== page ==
We remained close best possible. I always felt for Tommy cause he was tender... Romantic like myself...RIP
I first heard of Tommy through Deep Purple, at first I thought he was a girl, since he had such a sweet and pretty face, hehehe.
...I was really young at the time of his death, eventually lost track if what was going on until recently.
My favorite song has been Busting Out for Rosey
When did you first hear of T.B.?
When I was 14 years old. A looong time ago :) First, I was a fan of Deep Purple Mark IV. That gave me a chance to get to know about Tommy Bolin! I fell in love with Tommy who was singing Wild Dogs on The Last Concert In Japan album.It was sooooooo fantastic!! But sadly, when I first heard him, he had already passed from this world... But from that point, I knew I wanted to know everything I could about Tommy.
Japan has always had a particularly strong Tommy fan base, can you suggest any reason why?
First, Tommy came to Japan. Second, He loved Japan. Third, the Album (Private eyes) cover was done in a very Japanese style. We Japanese fans were very impressed and still are captivated by this album cover and this also includes me. And, he looked half Asian to us...I also think that Tommy looked half Asian and a number of my Tommy fan friends agree. We Japanese liked his smooth black hair. It looked just like our hair. But, the most important reason is he was a virtuoso. He had a brilliant guitar technique and was also able to compose his own songs. He was a great songwriter and a singer. That's why he was so loved and is still so admired by Japanese fans.
What's your favorite Tommy period?
I can't chose one period. I love his James Gang period. I love his two solo albums and I love when he was with Deep Purple. I also love when he played with Cobham and with Mouzon. His style of playing jazz was so special. Of course, I like the Tommy Bolin Archives series. Each period of his music is fascinating to me. When I look at his musical life, I could never pick one because they are all fantastic!!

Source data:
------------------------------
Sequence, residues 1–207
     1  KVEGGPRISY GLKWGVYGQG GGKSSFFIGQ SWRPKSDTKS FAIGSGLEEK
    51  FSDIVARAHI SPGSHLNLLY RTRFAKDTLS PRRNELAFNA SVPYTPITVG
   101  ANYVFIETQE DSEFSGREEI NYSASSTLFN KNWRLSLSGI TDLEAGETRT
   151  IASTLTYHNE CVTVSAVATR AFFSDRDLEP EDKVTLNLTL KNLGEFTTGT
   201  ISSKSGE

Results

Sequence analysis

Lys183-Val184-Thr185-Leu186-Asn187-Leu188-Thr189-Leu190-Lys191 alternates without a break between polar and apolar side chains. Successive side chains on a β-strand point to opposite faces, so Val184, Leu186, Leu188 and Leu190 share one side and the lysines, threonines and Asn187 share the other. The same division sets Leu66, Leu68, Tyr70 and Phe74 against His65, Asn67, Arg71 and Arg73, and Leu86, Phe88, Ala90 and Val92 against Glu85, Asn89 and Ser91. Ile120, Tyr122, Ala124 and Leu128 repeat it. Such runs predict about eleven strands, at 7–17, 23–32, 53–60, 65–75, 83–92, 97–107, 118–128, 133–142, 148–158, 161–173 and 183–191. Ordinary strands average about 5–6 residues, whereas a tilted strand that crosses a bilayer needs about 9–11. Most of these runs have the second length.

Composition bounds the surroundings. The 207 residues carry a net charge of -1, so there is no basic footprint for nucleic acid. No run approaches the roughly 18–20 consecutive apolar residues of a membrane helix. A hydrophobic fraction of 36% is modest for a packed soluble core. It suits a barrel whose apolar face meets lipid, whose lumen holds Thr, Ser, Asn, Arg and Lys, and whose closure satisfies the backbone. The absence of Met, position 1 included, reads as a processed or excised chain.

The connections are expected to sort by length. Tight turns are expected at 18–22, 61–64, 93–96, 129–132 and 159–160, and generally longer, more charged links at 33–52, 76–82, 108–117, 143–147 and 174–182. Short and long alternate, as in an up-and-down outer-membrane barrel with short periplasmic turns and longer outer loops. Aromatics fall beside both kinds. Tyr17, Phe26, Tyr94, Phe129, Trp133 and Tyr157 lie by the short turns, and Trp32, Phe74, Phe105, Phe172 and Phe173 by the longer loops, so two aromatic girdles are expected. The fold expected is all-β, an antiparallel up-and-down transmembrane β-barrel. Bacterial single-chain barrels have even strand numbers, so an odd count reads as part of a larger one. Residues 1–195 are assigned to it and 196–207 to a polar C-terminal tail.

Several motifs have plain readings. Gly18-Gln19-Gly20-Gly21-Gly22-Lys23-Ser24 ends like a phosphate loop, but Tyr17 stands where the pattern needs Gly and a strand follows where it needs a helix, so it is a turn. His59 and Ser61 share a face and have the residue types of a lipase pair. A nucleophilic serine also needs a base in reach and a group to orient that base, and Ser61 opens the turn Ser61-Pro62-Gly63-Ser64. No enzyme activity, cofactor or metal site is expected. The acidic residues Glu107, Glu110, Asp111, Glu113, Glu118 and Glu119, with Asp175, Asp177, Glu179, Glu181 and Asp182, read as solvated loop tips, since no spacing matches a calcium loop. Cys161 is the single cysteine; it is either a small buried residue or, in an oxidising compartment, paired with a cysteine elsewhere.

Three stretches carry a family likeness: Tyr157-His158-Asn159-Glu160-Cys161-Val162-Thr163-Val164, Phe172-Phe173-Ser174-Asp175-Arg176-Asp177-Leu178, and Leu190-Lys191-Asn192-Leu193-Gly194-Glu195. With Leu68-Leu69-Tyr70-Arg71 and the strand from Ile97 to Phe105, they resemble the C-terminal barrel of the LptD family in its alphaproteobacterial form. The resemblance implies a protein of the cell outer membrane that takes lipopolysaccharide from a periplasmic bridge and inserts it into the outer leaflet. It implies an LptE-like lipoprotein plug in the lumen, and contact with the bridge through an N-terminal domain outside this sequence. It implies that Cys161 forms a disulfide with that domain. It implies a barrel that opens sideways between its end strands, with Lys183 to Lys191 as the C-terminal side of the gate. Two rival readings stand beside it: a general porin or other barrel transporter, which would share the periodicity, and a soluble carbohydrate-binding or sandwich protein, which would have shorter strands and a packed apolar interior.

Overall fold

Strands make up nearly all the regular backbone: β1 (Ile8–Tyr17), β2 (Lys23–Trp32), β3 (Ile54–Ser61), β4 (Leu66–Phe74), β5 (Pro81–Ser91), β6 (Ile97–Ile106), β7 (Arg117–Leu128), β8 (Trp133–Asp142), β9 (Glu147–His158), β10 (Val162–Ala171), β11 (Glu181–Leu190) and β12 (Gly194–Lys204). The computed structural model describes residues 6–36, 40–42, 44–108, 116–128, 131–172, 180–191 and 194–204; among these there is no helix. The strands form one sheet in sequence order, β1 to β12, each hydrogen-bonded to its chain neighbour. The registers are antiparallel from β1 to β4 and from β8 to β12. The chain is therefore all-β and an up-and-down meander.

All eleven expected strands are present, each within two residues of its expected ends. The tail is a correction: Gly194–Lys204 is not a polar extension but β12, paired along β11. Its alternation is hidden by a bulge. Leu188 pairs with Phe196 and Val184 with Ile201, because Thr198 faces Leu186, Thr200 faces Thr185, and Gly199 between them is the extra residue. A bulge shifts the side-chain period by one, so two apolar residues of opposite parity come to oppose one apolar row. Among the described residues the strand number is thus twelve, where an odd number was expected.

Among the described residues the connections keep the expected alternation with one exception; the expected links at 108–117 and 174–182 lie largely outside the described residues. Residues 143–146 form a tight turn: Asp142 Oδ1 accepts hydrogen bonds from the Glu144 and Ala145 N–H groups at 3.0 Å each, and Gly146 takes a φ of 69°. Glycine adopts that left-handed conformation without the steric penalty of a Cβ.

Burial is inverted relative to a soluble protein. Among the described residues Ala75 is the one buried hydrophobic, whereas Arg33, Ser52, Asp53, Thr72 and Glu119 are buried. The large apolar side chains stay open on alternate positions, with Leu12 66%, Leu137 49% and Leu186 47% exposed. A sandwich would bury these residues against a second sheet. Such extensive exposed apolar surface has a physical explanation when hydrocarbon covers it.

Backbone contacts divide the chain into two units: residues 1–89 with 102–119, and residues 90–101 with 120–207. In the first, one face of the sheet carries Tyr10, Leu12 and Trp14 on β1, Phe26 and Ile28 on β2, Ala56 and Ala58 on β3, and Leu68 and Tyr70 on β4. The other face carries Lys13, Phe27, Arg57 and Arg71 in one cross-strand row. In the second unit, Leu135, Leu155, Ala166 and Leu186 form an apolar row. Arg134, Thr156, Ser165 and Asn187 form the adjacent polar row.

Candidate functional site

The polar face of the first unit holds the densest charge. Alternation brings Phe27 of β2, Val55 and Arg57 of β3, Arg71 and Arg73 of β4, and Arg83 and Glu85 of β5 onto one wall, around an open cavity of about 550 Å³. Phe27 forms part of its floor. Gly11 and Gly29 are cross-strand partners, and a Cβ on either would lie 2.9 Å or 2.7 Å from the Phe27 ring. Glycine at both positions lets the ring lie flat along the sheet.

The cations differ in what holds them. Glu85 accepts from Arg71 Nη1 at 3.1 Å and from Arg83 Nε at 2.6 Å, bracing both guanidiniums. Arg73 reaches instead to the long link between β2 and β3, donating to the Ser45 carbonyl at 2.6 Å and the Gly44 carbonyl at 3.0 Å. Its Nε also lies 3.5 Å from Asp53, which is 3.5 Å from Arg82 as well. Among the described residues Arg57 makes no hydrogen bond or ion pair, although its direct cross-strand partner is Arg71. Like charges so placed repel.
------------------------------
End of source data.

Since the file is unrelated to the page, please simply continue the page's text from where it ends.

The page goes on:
What's are your favorite Tommy songs/ tracks?
I can't chose one! I especially love Sweet Burgundy, Lotus and Wild Dogs. Since 2000, I also been in love with Evening Rain, Gypsy Moon and The Meaning of Love. I can't hear Hello Again and The Meaning of Love without crying... They are so sad and beautiful.
Any negative aspects that you want to mention about anything Tommy related, possibly problems among other collectors - anything at all? (MARIKO, don't answer this if you don't want to)
I don't answer this question....Sorry about that.
You traveled to the 2012 Bolin Fest. anything you want to mention?
It was so splendid!! We met Johnnie Bolin, musicians who played with Tommy and friends who are Tommy fans. We had a great time. I was soooo glad to see them! I will never forget the wonderful time as long as I live.
We went to Tommy Bolin Exhibition, too. I was so impressed by the great staff. There wre a lot of MUST see items there. You can't miss Tommy's red suits that were made by his girlfriend. They are beautiful... It was really worth seeing...If I had more time, I would have stayed there all day long :) Visiting Tommy's grave was a long term dream of mine. I was so moved, I prayed for him fervently. I'd like to go to Sioux City again and again in the future.
What's on the top of your Bolin wish list?